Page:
guest1234
04-14-2002, 02:24 PM
Ronmar,

Great, good to hear that! You'd be surprised how handy it can be, not just on the street or in the dojo, but at home, work, etc. Sometimes the ability to stop arterial bleeding, or perform CPR, while simple to learn, can mean the difference between life and death. And while I've never broke up a fight, or stopped a mugging, I have stopped on the side of a road and saved a life. And that is a really good feeling. Take it from me, there is a reason doctors develop a God-complex :rolleyes: and the feeling can be addicting.

gadsmf@aol.com
04-14-2002, 02:42 PM
Some very interesting threads here on a very difficult subject. I am fortunate enough never
to have been exposed to a situation of physical violence to myself or others, or at least those situations that had the potential of physicality, I was at least able to diffuse by talking down the half hearted would-be trouble makers.
However,I find myself agreeing strongly with George Ledyard. Why do we do martial arts? If we want to get fit we could take up roller blading or swimming etc.If we want to enhance our spirtual energy we could do Yoga or Tai Chi. I suspect we do Aikido because as well as the above reasons we also wish for the ability and strength to defend ourselves and others.
As an RN I have a professional (and also legal) duty to aid anyone who needs help during a health emergency both in and out of hospital. As a martial artist (albeit a crappy one) I feel I have a moral duty to at least consider intervention where, once evaluated, there is at least a chance that it may help. I can't dodge bullets or break baseball bats with my shin, but I can put myself and my Ki in between a victim and the assailant(s) and say "the cops are on their way, leave this person alone"

George S. Ledyard
04-14-2002, 03:14 PM
Originally posted by Kat.C
Colleen addressed this issue in her post and I felt it needed to be mentioned again as people often don't think about it. Intervening in an attack could result in a weapon being brought into play. In the small village that I grew up in there have been a few shootings. One time two people got into a fight at a bar. Others stopped the fight and one man walked out to his truck got his gun walked back to the bar and killed someone. I do not recall who he shot, but I believe it was the man who he had attacked. Please be careful if you are trying to help, you do not know what your actions may provoke the attacker into doing.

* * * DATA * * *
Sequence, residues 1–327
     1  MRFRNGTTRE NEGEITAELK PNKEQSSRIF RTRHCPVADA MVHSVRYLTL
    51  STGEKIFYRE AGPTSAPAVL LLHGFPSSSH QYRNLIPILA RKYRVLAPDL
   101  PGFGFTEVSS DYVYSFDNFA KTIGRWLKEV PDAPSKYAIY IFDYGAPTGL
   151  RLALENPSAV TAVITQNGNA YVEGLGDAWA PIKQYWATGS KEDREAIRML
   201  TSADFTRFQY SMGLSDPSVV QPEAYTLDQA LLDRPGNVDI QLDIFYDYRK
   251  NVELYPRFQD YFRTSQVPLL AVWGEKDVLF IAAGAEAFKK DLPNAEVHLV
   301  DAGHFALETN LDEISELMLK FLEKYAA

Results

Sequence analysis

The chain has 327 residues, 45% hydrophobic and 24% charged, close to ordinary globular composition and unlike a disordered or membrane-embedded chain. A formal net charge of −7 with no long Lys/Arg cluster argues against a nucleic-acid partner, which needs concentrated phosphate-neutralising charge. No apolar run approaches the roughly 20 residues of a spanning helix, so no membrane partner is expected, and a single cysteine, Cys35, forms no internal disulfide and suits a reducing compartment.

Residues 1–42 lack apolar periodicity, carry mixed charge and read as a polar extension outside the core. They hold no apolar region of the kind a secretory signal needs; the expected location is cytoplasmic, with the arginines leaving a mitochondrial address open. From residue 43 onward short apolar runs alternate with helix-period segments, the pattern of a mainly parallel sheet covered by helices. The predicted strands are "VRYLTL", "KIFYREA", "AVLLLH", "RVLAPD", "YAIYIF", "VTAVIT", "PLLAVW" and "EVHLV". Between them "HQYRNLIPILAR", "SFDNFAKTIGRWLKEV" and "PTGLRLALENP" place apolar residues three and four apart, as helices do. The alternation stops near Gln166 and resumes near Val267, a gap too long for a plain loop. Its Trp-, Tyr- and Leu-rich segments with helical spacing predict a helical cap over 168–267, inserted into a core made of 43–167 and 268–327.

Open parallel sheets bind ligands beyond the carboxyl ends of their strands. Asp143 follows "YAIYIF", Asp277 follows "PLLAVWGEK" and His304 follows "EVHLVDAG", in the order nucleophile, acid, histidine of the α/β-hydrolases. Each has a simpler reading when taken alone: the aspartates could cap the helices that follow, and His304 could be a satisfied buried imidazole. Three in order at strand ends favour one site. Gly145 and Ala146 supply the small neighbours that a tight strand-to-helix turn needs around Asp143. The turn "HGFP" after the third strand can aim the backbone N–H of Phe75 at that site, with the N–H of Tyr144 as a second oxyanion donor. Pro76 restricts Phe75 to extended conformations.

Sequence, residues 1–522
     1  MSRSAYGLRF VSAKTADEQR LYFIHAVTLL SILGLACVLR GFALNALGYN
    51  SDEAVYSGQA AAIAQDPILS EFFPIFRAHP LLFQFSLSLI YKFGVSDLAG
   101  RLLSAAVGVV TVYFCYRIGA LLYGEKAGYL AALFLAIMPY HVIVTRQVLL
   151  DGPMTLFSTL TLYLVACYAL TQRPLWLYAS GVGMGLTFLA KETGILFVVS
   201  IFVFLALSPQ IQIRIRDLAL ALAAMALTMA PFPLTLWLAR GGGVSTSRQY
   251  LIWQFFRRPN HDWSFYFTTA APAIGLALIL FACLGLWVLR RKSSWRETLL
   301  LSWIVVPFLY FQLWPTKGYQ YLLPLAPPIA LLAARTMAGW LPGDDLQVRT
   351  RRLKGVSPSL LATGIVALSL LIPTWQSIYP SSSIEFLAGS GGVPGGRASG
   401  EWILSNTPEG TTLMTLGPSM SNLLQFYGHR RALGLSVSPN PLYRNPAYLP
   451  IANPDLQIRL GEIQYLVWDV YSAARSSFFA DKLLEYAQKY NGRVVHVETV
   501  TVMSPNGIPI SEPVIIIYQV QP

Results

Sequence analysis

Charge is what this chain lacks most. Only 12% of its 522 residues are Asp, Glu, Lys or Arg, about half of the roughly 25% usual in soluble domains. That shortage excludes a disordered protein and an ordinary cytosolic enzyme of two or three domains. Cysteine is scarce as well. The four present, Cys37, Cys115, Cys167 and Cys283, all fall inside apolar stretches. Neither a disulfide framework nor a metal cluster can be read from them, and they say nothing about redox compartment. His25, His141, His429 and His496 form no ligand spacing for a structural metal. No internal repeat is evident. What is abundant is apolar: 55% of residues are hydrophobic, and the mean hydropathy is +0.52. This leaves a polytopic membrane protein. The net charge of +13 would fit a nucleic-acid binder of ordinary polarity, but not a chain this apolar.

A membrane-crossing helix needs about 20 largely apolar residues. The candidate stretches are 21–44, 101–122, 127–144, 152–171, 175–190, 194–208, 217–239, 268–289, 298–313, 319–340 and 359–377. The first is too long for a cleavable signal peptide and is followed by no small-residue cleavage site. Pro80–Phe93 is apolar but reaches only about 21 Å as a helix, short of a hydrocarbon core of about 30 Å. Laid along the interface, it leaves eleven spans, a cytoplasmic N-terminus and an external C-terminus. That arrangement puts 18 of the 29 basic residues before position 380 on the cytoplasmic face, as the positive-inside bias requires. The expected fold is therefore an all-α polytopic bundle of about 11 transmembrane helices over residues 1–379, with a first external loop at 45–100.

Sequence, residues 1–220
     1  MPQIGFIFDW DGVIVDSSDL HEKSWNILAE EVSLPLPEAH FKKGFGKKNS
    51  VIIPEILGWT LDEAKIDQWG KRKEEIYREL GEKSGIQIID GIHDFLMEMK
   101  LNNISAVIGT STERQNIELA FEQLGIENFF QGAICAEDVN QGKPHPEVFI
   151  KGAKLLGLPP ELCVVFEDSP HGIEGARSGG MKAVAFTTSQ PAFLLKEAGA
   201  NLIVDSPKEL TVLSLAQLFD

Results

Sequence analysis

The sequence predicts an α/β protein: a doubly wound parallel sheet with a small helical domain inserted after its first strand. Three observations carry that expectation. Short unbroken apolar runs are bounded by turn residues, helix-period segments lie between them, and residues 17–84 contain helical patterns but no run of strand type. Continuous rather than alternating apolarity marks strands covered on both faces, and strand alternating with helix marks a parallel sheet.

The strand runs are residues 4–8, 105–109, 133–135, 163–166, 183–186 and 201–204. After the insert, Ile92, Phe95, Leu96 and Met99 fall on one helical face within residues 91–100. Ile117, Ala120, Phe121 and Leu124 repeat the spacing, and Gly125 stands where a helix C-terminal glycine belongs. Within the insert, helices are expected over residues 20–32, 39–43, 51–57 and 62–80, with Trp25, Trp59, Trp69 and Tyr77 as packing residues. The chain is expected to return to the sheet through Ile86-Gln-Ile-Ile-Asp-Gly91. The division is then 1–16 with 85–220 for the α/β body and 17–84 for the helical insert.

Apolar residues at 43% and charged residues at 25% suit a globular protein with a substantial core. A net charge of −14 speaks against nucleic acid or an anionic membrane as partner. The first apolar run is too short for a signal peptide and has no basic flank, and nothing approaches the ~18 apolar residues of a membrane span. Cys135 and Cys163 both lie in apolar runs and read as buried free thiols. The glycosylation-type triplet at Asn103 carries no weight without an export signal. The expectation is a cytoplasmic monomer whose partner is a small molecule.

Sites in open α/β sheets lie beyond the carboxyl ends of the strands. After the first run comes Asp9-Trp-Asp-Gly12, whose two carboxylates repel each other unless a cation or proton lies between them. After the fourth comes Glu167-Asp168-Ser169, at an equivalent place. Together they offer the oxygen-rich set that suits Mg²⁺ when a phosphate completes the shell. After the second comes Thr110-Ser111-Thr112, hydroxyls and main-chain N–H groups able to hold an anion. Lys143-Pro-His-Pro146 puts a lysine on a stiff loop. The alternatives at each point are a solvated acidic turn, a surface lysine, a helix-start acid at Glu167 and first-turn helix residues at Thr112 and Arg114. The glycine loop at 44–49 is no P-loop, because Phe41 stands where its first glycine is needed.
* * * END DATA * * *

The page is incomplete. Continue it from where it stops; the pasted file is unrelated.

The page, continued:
This is absolutely true. There are many instances in which someone tried to step in and ended up dead. You don't get involved unless you are willing to accept the possibility that this can happen. No matter how good your training is you could be dead. That is true for you as a civilian and it is true for the police officer that responds. It is even true for the EMT that is there to help. I had a DT student who was an EMT and she has had several instances in which she was attacked by the very subject she was trying to help.

For a lot of Aikido people our training is metaphorical. It is something that teaches us to be more centered, less violent, able to see the futility in being oppositional, etc. But many Aikido people really don't train with the idea that the techniques themselves would be applied to defend themselves or someone else. I train with the idea in mind that this is a real martial art and I could concievably be called on to use it in the defense of someone who is not able to defend themselves. If I am in a situation in which there is a higher liklihood that I will need to use my training I react accordingly. I do part time work as a private investigator and some of that work involves protective details. When I knew that the subject we were potentially dealing with might be armed, I carried a firearm. If I simply expected someone who might be violent but not necessarily armed I carried an ASP baton. It depended on the nature of the detail. But it isn't a matter of wishful thinking about the powers of Aikido and conflict resolution.